by Lisa Long

Over the past year I have become increasingly aware of the need to educate dancers, dance teachers and parents about the hyper-sexualization of children in dance and beyond. As a college Professor I encounter students just before they make their way into the dance world, and it is with immense hope that I share some remarkable moments that have occurred in my classes this past year.

I teach both Creative Dance for Children (CDC), a class geared to teaching the ins and outs of teaching dance in K-12, and Theory and Critique, which encourages students to form and articulate clear opinions based in fact. Within both of these courses, I present the thirty-minute video, Dance Awareness: No Child Exploited. After the initial emotional response, which usually explodes with unbridled fervor, students are able to step back and formulate personal and community-based solutions through critical inquiry and facts. Most of these dancers are already teaching in dance studios and as per expected, have a myriad of examples of inappropriate choreography, costumes and music. Many have worked with and have their own stories about choreographers whose unfortunate examples are highlighted in the video.

Refreshingly, from these experiences, and this presentation, many students are mobilized to become activists in the studio and beyond. One example is from CDC student Emily Bodkin, a Childhood and Adolescent Development major.  “I read through the long list of what is considered sexually suggestive in terms of children mimicking dance. A few examples mentioned included appropriated twerking, grinding, lip and finger-licking, straddling a prop, etc. While reading this list and thinking back to what I’ve seen in my early Child and Adolescent Development career, I can’t help but feel angry towards adult celebrities that are viewed as idols to children.

A specific example that comes to mind is a child I nanny, age eight, who idolizes pop starts and Instagram models such as Kylee Jenner, Miley Cyrus, and Selena Gomez. Of these three celebrities I just named, Selena is probably the most innocent and would be considered the better role model when comparing her to Kylee and Miley. However, even Selena’s seemingly innocent selfies of her gazing into the camera and pouting her lips still has a significant impact on the way this eight-year-old views herself. The child I have watched grow up over the years now cannot get in front of a camera without posing just as Selena does in her photos.  When I try to tell this eight-year-old that her natural smile and innocent eyes are so much more beautiful, she laughs and makes comments such as, “That’s what makes Selena loved.” Or, “I’m trying to be beautiful like Selena.”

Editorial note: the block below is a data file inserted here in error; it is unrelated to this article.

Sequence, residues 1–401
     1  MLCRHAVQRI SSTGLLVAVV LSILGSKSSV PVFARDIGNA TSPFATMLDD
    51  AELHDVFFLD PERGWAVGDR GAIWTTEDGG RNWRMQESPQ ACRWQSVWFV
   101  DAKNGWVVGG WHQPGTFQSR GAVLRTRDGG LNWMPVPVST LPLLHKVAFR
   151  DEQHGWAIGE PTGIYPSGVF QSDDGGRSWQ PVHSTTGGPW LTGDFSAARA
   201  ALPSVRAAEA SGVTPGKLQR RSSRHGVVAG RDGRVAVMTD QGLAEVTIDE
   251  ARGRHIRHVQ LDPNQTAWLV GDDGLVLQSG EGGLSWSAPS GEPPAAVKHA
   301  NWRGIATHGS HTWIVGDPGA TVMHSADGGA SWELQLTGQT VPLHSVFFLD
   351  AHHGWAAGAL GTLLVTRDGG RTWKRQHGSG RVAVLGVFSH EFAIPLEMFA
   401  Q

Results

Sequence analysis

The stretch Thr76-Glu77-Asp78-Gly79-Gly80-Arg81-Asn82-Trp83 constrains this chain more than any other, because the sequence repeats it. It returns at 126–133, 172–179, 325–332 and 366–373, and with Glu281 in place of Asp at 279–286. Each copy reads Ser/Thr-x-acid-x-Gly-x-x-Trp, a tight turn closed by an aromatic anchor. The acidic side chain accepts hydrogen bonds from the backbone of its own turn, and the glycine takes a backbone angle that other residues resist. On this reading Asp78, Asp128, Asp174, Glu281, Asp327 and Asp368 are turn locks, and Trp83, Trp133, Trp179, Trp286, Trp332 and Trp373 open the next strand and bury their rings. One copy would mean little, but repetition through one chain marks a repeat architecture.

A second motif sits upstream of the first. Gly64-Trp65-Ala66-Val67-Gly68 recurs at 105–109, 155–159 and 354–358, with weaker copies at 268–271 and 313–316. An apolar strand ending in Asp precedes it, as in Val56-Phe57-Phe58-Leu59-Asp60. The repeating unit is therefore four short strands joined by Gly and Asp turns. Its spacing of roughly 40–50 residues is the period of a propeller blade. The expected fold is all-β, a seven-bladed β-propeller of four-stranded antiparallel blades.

The point is, early sexualization of children starts way before the mimicking of sexually explicit dance moves. This starts with the suggestive attitudes that young children are subconsciously learning from idolized, adult famous people who have passed these behaviors down as “normal.” Middle-aged children and young adolescents are the biggest victims due to this new social media craze.”

A second example is from my Theory and Critique students who, during a lively discussion, decided to take the Dance Awareness videos to the studios for whom they teach. They mobilized to educate not only the studio owners for whom they work but also planned showings for the parents of young dance students. These burgeoning teachers showed a remarkable outpouring of desire to address a problem that we see affecting our young ones in dance and beyond.

Becoming an activist about this topic has held both frustration and immense hope. Focusing upon the latter and sharing some of my observations has inspired my students which is, in turn, furthering the reach of this cause into many different communities. Here’s to vigilance and speaking out to make a difference!

Emily Bodkin, a Senior at CSUF studying Child and Adolescent Development; Active in childcare for the last 7+ years and is a certified BLS/CPR/AED Instructor for adults working with children and adolescents.

Lisa D. Long is a choreographer, dancer, and educator. Dancing for Dallas Black Dance Theatre, she created roles in works by Donald Byrd, Kevin Iega Jeff, George Faison, and Chuck Davis and for nine years was a principal dancer with Dance Kaleidoscope. Lisa’s choreography has been produced at: DUMBO Dance Festival NYC, Chartres Cathedral, Jacksonville Dance Theatre, Oregon Shakespeare Festival, and at Electric Lodge and Highways in LA. She holds an MFA from CalArts, a BFA from TCU. Currently Associate Professor at CSU Fullerton, she has also taught at CalArts, UCLA, and Butler University.